Look, nothing about school is easy, and it’s going to get harder whenever you eventually decide to leave the dorms and start having to allocate every month to rent, utilities and food. For many students this might be a difficult task, but I’ve been doing it for a few months now and I have a few pointers for how to put your best foot forward.
You’ll want to actually monitor the amount of money you are receiving every month. Do this before you even commit to a place. Too many people pick out the apartment and then try and find the jobs required to afford the place. This can put you into a very difficult situation. Know how much you’re making and then pick out the place. After that, you can work on getting better jobs and the apartment will feel much more affordable than it used to be, then all that extra money can go to things you enjoy having.
Alternatively you can allocate that extra money to go into a savings account which you can use to save for a high price purchase or as a potential cushion if tragedy strikes. You’ll be surprised how much of that extra money will accrue when you hold onto it for a few months.
Take into account the expenses you wouldn’t usually think of. You’ve been living in the dorms or with your parents for a few years now; you don’t want the shock of realizing that Wi-Fi is not free. Not to mention the addition of utilities like electricity, water and trash disposal. The place that makes you pay the least for utilities is the better bet, usually. At my apartment my fiancé and I only pay for internet, electricity which powers our heating and water and trash.
If you’re someone who has trouble going days without buying something, then seriously consider using your bank’s phone app or website. Check it several times a day and if you ever consider buying something for fun, make sure to check your account first.
The last thing you want is to try and buy something and then find out later that day that your direct payment for your electricity went through earlier and now your account is in the red.
If the bulk of your income is mainly in cash try allocating that cash into different envelopes for your expenses. It’s an easy organization system that prevents you from putting your hard-earned tip money into your wallet and spending it all. It’s easiest to spend money when its on your person and small bills are the easiest to spend quickly.
Also, a quick tip: ditch cable for the first few months. Wi-Fi is a necessity as a student, but not television; it’s a luxury. When you do have time for television it’s easy to notice how much of it can be viewed through streaming services. Netflix is the most popular entertainment streaming service in the world, so many of you should have access to thousands of quality films and television shows. Amazon Prime also offers a wide array of original and borrowed programming as well.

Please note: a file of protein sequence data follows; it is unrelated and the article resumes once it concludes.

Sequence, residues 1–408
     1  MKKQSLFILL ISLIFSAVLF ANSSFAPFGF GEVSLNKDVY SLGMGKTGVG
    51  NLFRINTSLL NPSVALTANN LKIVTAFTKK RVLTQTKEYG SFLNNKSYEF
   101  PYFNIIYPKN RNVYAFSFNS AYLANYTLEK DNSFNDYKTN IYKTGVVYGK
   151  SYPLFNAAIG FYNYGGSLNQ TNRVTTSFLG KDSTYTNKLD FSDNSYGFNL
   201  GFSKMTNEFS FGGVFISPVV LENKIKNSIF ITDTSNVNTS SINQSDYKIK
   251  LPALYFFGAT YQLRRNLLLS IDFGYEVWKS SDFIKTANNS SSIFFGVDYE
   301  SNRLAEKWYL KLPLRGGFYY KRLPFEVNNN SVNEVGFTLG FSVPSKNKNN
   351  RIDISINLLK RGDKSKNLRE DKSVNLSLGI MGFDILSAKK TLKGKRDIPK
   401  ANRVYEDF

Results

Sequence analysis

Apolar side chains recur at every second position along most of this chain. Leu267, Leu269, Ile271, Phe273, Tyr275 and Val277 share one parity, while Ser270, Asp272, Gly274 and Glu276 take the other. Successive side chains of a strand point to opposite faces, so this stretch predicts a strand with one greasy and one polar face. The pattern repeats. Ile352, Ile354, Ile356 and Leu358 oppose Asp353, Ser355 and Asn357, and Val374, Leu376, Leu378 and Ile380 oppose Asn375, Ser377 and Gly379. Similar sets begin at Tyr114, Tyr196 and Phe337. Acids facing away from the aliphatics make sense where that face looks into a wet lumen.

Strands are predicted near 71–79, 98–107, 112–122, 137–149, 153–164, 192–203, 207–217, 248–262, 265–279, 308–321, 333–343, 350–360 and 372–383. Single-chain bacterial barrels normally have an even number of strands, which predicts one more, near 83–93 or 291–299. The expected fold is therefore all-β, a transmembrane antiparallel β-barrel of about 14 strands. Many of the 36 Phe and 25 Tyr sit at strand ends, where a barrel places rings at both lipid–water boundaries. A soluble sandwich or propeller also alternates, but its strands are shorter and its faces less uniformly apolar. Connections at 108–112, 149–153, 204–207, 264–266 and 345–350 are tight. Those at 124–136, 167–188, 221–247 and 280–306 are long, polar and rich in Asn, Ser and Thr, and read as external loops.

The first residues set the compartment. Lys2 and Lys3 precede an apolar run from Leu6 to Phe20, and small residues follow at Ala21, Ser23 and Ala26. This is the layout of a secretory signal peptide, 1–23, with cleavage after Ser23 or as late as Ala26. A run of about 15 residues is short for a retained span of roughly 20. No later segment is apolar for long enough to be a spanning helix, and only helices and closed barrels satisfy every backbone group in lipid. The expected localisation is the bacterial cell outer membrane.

Channels like AMC and FX, carrying current programming, have online streaming services accessed by your cable account info, borrow them from your parents and you’ll have all the “American Horror Story” and “The Walking Dead” at your fingertips. HBO has a monthly subscription as well too for the “Game of Thrones” and “Westworld” junkies out there.
This is not where the bulk of your money should go though. Your job should bring in money for the apartment, food and other required living expenses. The entertainment comes second. Make sure to make a dedicated budget of where your income goes every month. If you find yourself coming out with a few extra dollars every month, then pick up a streaming service or a new videogame. Don’t forget your roommate’s needs though!
I live with my fiancé, so if you have a shared income with the person you live with, make sure you talk to them before buying anything for yourself. It’s fun to have something to entertain you with, but you don’t want to go overboard and get something leaving them without something they want. Always take into consideration what they need. Sure, a new cd is always fun, but maybe you should take your significant other out for a night on the town.
Also, don’t get a pet unless you’re financially ready for it. Too many people buy pets because they love puppies and then can’t afford to care for the new friend. This puts pets out on the street as strays and results in you spending months worth of income on a pet you couldn’t afford to keep.
Finally, never overdo it. You’re young and experiences this early in life are important, but that doesn’t mean you need to go overboard. Yes, Cancun with the guys sounds great this Spring break, but that means nobody is watching the place, and you’re spending money you might need later. You need to pace yourself. Don’t find yourself being put in a financially difficult situation because you wanted to have fun. Save money for those grand experiences, and pace yourself when you’re out with friends.
Money is difficult to handle in these early years of our life, but with the right knowledge and careful planning, you can live comfortably and happily in a new home all your own.